The miracle of making it to 2 years and beyond with SMA type 1

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by Helen Baldwin |

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Our granddaughter, Clara, sails through her page of first-grade sight words. She guesses wildly at times, but she’s usually quick to sound out most of the new words. I take opportunities to add bits of often-confusing trivia about homonyms, homophones, and homographs and relay some old stories. Clara prefers to focus on her assignments until they’re finished, but tries to humor me.

One of the earliest bonus teaching opportunities involved “two, too, and to,” which reminded me of a favorite conversation with Clara, who was almost 4 at the time, and her brother, James, who was two years younger. They’d both watched “Frozen” on TV, but Clara had recently snagged a viewing of the newly released “Frozen 2” in the movie theater.

Clara: “MomMom, can we watch ‘Frozen’?”

James: “I wanna wah ‘Fozen,’ too!”

Clara, in her slightly perturbed teacher voice: “Jamesie, we don’t have ‘Frozen 2!’”

James, decibels skyrocketing: “WAAAHHH!”

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“Two” conjures up another memory as well. It commenced the evening of July 14, 1997, in the office of a pediatric neurologist who’d just briefly examined our baby. The doctor matter-of-factly rattled out his theory that Jeffrey had a severe case of the most severe form of spinal muscular atrophy (SMA), whatever that was.

Before my husband, Randy, and I had a chance to regroup, the neurologist continued with the prognosis: “Death typically occurs by age 4.” I wondered if tears could ever run out.

The following day, the genetics counselor quietly adjusted the neurologist’s claim, informing us that 4 was pretty old for children with SMA type 1. They were usually gone by their second birthday, she said.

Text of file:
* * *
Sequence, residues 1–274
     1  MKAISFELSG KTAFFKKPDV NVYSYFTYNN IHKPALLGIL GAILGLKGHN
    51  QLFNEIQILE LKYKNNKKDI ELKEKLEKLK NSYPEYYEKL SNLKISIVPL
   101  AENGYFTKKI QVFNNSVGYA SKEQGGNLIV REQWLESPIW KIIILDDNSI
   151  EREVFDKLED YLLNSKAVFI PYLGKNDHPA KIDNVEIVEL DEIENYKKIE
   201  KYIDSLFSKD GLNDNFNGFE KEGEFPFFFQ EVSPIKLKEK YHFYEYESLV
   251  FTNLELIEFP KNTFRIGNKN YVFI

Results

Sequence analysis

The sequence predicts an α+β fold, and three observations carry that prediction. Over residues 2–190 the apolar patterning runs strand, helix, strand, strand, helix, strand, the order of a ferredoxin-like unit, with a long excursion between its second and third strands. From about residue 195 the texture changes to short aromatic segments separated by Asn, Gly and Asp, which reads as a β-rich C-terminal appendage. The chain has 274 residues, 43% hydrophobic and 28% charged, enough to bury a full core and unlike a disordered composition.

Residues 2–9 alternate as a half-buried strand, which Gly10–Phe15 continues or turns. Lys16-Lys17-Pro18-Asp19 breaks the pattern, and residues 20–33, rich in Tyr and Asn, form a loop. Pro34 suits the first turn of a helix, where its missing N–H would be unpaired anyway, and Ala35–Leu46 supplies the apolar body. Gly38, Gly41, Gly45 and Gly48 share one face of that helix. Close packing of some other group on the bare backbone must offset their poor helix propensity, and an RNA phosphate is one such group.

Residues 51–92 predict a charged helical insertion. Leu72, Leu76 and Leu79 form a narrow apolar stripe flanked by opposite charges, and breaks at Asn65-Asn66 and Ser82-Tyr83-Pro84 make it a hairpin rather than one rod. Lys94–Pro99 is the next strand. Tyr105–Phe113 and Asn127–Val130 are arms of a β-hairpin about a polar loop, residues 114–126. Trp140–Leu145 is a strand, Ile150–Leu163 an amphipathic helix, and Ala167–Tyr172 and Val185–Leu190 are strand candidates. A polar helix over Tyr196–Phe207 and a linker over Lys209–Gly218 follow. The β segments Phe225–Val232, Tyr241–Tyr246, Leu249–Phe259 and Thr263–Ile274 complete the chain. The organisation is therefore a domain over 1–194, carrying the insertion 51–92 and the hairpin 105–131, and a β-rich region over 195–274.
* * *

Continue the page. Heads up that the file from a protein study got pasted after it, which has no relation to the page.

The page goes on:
Two years?! God, no.

We didn’t get close to one year.

A peek at Asher’s SMA journey

I don’t know anyone who would willingly volunteer to become part of the SMA family. However, I also don’t know anyone who hasn’t somehow risen up to the myriad, relentless challenges unleashed by this insidious disease. It’s an extraordinary group of folks, and getting to know some of them has been a genuine blessing.

Asher Camp arrived on March 14, 2013. He seemed perfectly healthy at birth, but at 6 months old, he was diagnosed with SMA type 1. His parents, Jeremy and Amanda, were told he wouldn’t live past 2 years old.

Unlike our own post-diagnosis grasping at straws, there’s a positive twist to this story. A month after Asher’s diagnosis, he began receiving Spinraza (nusinersen), a drug designed to help replace the protein missing in SMA. Asher was also placed on an amino acid diet hailed by the SMA community. Jeremy and Amanda wondered if it would be enough.

It was enough for a celebration of Asher’s first birthday! There was plenty of reason for hoopla, as Asher could sit up to open his presents with assistance.

A toddler sits upright next to his mother with a big, colorful birthday present in front of him and a large book case behind.

Asher sits up just a few months after beginning Spinraza treatment — just in time to open birthday presents on March 20, 2014. (Courtesy of Amanda Camp)